A few points, very few, to make about USC and No. 1 Notre Dame

Chris Dufresne takes time out (he gets three per half) each Friday during college football season to answer questions. Topics include the sport's best intersectional rivalry and the latest installment of the great BCS debate.

Chris Dufresne

4:25 PM PST, November 23, 2012


Question: Where do you put USC's chances of knocking Notre Dame off?

Chris Larsen

Answer: I put the chances smack dab between my bobbleheads of Tommy Trojan and Lou Holtz. Seriously, I think USC has a decent chance. My colleague Gary Klein made an interesting point this week about USC's defense. Coordinator Monte Kiffin has had nightmarish results trying to defend spread offenses in the Pac-12 Conference, but Notre Dame takes a more traditional, straight-forward approach.

With his NFL background, Kiffin is probably better suited to scheme against Notre Dame's offense than Oregon's.

USC probably does not have to worry about getting embarrassed by Notre Dame because the Irish average only 27 points, which ranks No. 73 nationally.

The heart of this Notre Dame team is a defense that allows only 10 points per game. There's a good chance this game will end up in the teens or 20s, and I'd be surprised if the final margin was more than 10 points either way.

Q: Pass the word to the Southern California football team that the worst is still to come. USC might think about giving up football after this week's rout.

Donald Ocke

A: I'm really busy this time of year, but I suggest you call the school yourself or write to Heritage Hall 103, Los Angeles, CA, 90089-0601.

Better hurry and lick that stamp before the USC football liquidation sale.

Q: When the officials put the USC football on the rainy ground for the center snap did you see it float?

Joseph Gutierrez

Cambria, Calif.

A: No, wow, I must have missed that while watching two members of the UCLA cheer squad take a gondola ride through the end zone of the Rose Bowl.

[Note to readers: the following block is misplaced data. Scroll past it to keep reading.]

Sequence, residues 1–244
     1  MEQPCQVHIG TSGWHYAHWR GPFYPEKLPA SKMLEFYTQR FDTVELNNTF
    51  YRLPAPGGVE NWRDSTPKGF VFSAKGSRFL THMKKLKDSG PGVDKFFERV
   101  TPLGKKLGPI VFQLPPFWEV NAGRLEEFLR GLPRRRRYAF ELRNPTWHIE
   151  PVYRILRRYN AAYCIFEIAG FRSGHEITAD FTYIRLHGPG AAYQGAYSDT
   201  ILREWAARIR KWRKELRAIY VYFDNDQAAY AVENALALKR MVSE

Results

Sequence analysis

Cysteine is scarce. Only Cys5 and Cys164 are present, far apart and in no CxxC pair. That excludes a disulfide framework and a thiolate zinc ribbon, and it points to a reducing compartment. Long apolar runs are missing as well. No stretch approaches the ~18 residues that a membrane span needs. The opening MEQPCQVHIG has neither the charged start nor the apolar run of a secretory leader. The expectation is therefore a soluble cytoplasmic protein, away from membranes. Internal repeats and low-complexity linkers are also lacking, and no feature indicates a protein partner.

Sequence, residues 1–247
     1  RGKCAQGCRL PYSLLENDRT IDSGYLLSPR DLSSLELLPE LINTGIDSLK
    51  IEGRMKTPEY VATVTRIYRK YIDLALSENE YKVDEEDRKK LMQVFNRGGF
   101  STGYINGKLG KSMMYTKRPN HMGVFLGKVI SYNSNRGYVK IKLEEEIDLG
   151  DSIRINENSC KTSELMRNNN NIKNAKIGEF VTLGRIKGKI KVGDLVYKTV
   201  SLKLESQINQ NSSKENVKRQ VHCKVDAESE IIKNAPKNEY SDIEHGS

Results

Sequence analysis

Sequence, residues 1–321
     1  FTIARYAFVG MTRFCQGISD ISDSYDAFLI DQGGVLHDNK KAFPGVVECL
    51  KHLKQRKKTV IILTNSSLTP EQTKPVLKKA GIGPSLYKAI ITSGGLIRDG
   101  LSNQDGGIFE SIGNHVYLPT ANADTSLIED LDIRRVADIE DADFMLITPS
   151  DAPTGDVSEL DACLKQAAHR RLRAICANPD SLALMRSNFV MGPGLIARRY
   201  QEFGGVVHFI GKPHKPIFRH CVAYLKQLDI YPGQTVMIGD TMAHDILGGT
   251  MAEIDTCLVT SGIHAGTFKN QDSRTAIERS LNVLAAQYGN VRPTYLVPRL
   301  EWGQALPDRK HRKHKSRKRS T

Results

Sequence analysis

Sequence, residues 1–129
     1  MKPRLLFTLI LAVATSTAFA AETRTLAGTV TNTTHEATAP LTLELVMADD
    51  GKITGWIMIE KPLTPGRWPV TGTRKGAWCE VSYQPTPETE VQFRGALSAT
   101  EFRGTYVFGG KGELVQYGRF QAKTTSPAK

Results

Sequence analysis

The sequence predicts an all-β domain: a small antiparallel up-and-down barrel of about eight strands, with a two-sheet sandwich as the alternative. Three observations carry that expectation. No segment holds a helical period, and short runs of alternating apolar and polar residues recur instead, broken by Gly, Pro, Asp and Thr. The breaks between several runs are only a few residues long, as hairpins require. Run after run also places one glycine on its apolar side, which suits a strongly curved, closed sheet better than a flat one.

Q: How's this for a headline: "SC De-Mora-Lized"?

Roget Bardeau

A: That's brilliant. I'll keep it in mind for next year's game at the Coliseum — unless Mora has left already for another college job or the NFL's Philadelphia Eagles.

Q: 38-28! That good enough for you?

Jerry Guy

A: Are you talking about the UCLA score against USC, or did you recently judge two-thirds of a Miss Universe contest? If you are referring to UCLA's winning margin, I'll take any final score you want so long as all the games are noon kickoffs.

Q: As a USC fan, can we petition for "GameDay" to go to the UCLA game instead? They deserve it and we don't.

David Shapiro

A: That's very magnanimous of you David, but my guess is that "GameDay" is more interested in No. 1 Notre Dame this weekend than either UCLA or USC.

Q: Once again you go on about the BCS vs. playoff system without taking a position on why it matters. In my opinion, it doesn't.

Why do we need a champion?

Kevin Minihan

Los Angeles

A: Why do we need a champion? How else would we keep track of world putt-putt champions and the best chili cook-off recipes and soap box derby builders?

Please tell me you're not one of those orange-slice soccer dads who think all the kids should get a participation trophy. That happens too often in college football and all it does is breed a society of wimps who think the world owes them a living.

In 1997, Michigan thought it won the national title fair and square when it was No. 1 in both polls heading into a Rose Bowl it ended up winning. The AP voters kept Michigan at No 1, but the sentimental coaches voted Nebraska a share of the crown as a retirement gift to Tom Osborne.

Why couldn't they just get him a tie or a nice box of cigars? Cuff links always make a nice gift.